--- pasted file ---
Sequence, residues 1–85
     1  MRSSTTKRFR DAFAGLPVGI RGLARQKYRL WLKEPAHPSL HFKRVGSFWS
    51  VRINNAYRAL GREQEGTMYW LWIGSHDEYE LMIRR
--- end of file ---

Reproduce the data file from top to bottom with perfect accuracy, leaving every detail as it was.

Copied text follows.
Sequence, residues 1–85
     1  MRSSTTKRFR DAFAGLPVGI RGLARQKYRL WLKEPAHPSL HFKRVGSFWS
    51  VRINNAYRAL GREQEGTMYW LWIGSHDEYE LMIRR